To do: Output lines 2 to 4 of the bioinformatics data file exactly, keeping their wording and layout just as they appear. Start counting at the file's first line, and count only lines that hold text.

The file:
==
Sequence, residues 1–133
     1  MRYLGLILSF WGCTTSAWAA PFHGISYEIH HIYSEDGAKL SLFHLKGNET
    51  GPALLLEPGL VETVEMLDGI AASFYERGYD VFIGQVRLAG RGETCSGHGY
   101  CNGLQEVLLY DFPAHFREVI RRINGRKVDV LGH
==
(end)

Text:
     1  MRYLGLILSF WGCTTSAWAA PFHGISYEIH HIYSEDGAKL SLFHLKGNET
    51  GPALLLEPGL VETVEMLDGI AASFYERGYD VFIGQVRLAG RGETCSGHGY
   101  CNGLQEVLLY DFPAHFREVI RRINGRKVDV LGH